I mean yes, the point of my job is not to make friends. It’s to do good work. But how on earth can making friends and collaborating with others be anything but a huge boost and positive thing, both personally and professionally?

    Here’s the clip, for anyone who hasn’t seen it: http://www.youtube.com/watch?v=w536Alnon24

    Reply
  12. Definitely agree that collaboration and *respectful* competition is the way to go. Seems like a no-brainer.

    This discussion reminds me of that video someone made of all the reality-show contestants saying “I’m not here to make friends.” Most of those shows are in fact competitions, but don’t require being a jerk to win. I think that attitude of every man for himself or “I’m not here to make friends” is just an excuse people adopt in order to justify being selfish and mean. They don’t feel like taking the high road, so they use the cloak of ambition to justify bad behavior.

    I mean yes, the point of my job is not to make friends. It’s to do good work. But how on earth can making friends and collaborating with others be anything but a huge boost and positive thing, both personally and professionally?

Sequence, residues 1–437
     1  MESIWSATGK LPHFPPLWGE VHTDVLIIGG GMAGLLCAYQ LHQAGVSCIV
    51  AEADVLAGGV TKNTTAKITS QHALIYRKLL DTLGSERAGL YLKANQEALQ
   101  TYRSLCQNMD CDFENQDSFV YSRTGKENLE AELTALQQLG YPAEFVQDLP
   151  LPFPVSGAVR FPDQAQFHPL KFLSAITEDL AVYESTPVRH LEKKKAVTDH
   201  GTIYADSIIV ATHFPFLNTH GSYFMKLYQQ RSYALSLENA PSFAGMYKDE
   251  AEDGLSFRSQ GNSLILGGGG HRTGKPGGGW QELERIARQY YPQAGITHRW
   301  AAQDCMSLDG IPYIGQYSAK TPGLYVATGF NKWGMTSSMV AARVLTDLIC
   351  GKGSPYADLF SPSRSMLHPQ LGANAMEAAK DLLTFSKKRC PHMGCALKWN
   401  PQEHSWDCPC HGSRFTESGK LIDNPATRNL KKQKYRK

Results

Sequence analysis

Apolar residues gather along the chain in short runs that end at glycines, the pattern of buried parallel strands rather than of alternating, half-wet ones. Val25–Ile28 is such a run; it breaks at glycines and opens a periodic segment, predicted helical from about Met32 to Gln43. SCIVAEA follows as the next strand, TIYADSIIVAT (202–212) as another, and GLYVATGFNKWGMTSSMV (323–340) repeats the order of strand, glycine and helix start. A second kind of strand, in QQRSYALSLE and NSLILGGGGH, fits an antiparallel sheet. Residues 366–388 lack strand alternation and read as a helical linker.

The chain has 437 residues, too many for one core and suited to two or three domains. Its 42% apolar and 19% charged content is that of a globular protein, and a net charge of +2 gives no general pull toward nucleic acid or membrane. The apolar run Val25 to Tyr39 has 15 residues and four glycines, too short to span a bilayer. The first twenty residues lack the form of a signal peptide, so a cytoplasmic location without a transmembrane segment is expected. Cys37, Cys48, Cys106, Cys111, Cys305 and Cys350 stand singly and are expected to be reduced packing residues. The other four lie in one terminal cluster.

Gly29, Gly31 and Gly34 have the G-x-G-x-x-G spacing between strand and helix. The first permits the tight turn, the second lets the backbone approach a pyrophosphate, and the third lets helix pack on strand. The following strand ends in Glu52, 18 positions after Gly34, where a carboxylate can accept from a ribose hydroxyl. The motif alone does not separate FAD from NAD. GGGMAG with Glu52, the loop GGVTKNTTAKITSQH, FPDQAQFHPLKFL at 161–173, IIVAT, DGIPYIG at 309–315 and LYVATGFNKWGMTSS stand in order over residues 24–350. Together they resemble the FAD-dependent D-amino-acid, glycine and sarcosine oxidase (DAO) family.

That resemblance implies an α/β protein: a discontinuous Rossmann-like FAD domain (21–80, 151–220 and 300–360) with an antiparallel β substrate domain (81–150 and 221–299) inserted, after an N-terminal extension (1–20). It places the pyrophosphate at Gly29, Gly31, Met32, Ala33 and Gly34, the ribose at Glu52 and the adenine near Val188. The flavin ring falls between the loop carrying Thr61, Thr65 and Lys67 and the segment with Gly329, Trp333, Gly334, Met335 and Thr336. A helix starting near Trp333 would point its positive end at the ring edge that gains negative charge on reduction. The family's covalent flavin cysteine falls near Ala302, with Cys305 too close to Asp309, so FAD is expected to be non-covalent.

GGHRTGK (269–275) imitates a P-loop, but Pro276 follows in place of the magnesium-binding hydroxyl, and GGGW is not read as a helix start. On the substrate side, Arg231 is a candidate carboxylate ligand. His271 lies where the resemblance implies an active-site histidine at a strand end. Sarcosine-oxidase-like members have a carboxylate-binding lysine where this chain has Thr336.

Here’s the clip, for anyone who hasn’t seen it: http://www.youtube.com/watch?v=w536Alnon24

    Reply
  13. Of course, collaboration is extremely important. I’d argue though that competition has it’s place too. You can’t be afraid to compete when it’s necessary.

    If I can do something better than you, I might succeed at the expense of your success. Should I not do my best simple because I don’t want to compete?

    Respectful competition is so important in the world of business. Competition inspires you to do better. It gives you something to work for. While I am a very collaborative person, I’m also a very competitive person. If I see someone accomplish a goal that I have set for myself, it makes me want to push myself to accomplish that goal too. If everyone is collaborating, what pushes the group to become better? Pure collaboration doesn’t work. 100% collaboration is a monopoly.

    “What many around the world are FINALLY realizing is that we do not have to fight for resources.” What if resources are limited? Not enough to cover everyone that collaborates.

    “We have to stop thinking that one person’s success is another person’s failure.” It doesn’t have to be. In most cases, it isn’t…But if two people are going for the same thing, and only one can win, then competition is inevitable.